Alphabet and Google CEO Sundar Pichai wrote an op-ed in the Financial Times today outlining the need for regulating AI. Pichai highlighted that deepfakes and “repressive uses of facial recognition” are of great concern at the moment.
He added companies like Google can’t just build technology without regulation:
Companies such as ours cannot just build promising new technology and let market forces decide how it will be used. It is equally incumbent on us to make sure that technology is harnessed for good and available to everyone.
In 2018, Google published its AI principles outlining its moral values in the field. These guidelines were also formed after the company faced severe backlash for chasing a contract to develop AI tools for the US military.
As my colleague Tristan Greene had noted at that time, these principles talked little about being transparent or taking responsibility for models or algorithms the company developed.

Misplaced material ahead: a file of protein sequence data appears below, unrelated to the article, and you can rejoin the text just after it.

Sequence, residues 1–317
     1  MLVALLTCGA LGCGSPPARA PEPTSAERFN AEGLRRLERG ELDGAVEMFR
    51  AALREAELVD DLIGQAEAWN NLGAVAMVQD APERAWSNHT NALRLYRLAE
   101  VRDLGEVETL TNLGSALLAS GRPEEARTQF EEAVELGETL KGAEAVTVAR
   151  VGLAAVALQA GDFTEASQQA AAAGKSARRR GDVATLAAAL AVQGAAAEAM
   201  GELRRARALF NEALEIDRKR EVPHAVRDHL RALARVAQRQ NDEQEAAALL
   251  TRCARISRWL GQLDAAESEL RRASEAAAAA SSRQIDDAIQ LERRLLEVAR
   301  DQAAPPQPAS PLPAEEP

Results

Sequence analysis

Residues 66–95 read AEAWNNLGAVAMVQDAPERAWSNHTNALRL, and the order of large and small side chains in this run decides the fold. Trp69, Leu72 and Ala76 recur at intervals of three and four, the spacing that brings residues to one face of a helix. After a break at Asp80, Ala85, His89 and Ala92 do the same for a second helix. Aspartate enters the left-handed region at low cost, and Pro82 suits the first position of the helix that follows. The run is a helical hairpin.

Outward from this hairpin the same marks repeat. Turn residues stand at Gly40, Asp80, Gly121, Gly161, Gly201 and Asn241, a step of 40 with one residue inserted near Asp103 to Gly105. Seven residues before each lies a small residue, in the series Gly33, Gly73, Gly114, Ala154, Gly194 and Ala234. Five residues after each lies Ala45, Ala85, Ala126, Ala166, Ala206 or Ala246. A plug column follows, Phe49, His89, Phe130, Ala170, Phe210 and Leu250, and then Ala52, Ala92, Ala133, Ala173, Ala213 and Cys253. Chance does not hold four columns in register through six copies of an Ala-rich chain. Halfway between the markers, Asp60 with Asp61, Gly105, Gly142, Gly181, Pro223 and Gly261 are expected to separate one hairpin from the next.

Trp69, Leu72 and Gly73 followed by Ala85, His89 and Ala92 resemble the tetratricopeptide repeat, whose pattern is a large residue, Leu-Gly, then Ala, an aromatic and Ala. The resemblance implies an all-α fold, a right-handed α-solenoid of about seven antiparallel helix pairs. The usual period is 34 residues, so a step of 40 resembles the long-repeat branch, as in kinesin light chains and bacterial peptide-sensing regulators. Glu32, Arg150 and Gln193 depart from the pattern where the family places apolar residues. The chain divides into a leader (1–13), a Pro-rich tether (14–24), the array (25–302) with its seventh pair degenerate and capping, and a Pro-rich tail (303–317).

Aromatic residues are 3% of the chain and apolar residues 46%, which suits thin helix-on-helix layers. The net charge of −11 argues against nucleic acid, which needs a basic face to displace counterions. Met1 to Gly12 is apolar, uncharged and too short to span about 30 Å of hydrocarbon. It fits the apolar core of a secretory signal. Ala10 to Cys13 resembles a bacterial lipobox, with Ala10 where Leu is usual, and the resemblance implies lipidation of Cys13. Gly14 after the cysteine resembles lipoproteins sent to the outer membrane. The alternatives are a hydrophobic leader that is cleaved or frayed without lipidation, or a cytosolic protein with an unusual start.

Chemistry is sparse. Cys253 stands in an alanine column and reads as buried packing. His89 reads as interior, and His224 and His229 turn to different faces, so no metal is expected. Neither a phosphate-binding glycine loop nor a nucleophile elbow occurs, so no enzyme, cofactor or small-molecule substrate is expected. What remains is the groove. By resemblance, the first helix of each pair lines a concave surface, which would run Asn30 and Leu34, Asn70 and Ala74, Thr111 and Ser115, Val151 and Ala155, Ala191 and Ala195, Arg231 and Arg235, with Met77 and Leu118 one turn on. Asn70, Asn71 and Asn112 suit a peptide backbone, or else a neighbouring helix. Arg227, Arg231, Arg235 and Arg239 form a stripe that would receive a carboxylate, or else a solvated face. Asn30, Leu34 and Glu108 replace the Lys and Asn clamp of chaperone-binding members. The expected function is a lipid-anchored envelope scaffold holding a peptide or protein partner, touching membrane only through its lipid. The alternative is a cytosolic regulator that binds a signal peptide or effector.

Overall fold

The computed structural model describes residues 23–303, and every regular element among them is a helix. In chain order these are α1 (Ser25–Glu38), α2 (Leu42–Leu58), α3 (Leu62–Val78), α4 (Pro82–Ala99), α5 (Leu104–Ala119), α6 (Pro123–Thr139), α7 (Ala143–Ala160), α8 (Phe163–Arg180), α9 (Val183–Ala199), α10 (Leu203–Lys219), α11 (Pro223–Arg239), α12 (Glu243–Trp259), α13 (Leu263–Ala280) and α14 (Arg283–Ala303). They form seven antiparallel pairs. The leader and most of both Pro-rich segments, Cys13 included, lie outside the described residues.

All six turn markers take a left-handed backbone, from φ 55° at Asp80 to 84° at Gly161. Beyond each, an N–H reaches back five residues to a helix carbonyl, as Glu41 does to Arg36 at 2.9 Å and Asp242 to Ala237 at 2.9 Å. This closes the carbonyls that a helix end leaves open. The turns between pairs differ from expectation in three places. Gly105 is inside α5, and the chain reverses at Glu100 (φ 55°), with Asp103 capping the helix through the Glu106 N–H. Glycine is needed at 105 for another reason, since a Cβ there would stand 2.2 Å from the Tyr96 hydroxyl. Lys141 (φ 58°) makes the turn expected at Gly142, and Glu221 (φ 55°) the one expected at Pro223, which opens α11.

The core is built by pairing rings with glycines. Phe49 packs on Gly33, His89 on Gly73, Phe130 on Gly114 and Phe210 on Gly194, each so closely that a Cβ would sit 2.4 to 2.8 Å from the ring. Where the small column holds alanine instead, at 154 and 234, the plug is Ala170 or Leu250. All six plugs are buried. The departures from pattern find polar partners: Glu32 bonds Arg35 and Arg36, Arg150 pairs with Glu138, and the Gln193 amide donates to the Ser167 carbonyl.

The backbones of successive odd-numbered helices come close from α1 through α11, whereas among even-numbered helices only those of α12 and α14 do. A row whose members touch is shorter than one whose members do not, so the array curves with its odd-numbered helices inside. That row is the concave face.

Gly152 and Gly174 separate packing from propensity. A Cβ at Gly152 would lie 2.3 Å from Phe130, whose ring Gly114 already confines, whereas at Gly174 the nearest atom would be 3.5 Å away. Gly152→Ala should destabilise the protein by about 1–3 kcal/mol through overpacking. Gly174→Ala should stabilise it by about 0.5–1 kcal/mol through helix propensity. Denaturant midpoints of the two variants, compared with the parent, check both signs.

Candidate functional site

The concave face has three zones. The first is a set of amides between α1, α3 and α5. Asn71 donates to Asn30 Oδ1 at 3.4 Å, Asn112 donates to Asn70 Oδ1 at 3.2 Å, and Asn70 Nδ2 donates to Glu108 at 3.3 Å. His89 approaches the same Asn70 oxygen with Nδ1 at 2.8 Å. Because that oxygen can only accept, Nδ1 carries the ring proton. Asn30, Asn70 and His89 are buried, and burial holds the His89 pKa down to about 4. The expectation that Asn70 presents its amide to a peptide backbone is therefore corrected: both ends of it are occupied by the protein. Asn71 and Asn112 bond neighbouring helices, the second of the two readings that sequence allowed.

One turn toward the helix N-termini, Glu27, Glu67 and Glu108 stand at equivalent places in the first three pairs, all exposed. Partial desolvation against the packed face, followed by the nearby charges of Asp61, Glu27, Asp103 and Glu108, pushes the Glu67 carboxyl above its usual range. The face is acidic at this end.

While Pichai’s calls for government regulations over AI are warranted, it’s worth noting that government agencies take a good amount of time to formulate rules and regulations — and so maybe too late to field certain issues in the rapidly growing AI space. For example, last year, deepfake technology burst into the limelight, and to date authorities and companies are still scrambling to regulate it.
As manyhavepointed out in the past, it would be a good time to form an independent watchdog consisting of experts in the field to keep a close look over advancements in the field and point out malpractices by the company.
While showing an intent that you want to regulate AI is good, Pichai and other heavyweights in the tech industry need to come up with better suggestions.
You can read Pichai’s op-ed here (paywall).